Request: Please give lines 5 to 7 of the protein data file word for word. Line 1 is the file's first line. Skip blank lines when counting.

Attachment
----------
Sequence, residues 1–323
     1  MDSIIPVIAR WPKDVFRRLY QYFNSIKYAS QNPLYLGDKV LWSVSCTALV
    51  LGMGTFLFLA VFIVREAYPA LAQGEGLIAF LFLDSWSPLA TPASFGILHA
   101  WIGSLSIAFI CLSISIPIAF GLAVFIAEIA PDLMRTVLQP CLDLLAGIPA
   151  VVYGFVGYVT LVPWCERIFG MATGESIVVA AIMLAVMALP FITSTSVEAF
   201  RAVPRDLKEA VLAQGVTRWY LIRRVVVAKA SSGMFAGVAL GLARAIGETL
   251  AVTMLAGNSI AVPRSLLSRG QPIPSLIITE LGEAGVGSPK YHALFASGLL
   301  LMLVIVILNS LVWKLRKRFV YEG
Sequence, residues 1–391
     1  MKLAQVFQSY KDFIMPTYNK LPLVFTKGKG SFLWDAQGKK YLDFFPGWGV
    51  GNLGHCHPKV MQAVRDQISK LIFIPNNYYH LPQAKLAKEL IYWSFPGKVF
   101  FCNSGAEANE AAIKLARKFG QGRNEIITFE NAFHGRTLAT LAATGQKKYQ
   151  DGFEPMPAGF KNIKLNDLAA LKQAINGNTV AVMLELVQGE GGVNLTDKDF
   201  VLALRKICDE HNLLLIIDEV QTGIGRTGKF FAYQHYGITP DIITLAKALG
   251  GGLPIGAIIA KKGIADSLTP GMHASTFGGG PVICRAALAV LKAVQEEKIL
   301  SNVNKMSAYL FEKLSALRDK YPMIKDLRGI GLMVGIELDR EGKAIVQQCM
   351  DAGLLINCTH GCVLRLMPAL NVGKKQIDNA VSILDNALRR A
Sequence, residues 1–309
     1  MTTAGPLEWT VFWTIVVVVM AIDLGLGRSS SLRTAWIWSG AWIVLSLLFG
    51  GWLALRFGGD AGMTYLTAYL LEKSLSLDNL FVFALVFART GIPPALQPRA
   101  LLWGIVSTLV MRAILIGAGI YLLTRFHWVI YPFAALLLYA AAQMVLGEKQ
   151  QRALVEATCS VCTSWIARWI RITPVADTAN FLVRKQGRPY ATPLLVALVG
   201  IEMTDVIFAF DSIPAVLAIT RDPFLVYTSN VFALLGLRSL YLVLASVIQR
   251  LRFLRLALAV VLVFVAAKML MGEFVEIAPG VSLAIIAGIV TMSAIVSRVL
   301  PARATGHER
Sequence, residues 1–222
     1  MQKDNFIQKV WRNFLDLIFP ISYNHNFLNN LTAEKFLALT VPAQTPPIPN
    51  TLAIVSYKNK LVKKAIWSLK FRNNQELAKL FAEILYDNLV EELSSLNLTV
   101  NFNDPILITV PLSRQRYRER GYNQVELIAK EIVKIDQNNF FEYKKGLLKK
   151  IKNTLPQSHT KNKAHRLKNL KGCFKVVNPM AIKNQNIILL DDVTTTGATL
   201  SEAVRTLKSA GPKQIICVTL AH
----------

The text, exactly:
   151  VVYGFVGYVT LVPWCERIFG MATGESIVVA AIMLAVMALP FITSTSVEAF
   201  RAVPRDLKEA VLAQGVTRWY LIRRVVVAKA SSGMFAGVAL GLARAIGETL
   251  AVTMLAGNSI AVPRSLLSRG QPIPSLIITE LGEAGVGSPK YHALFASGLL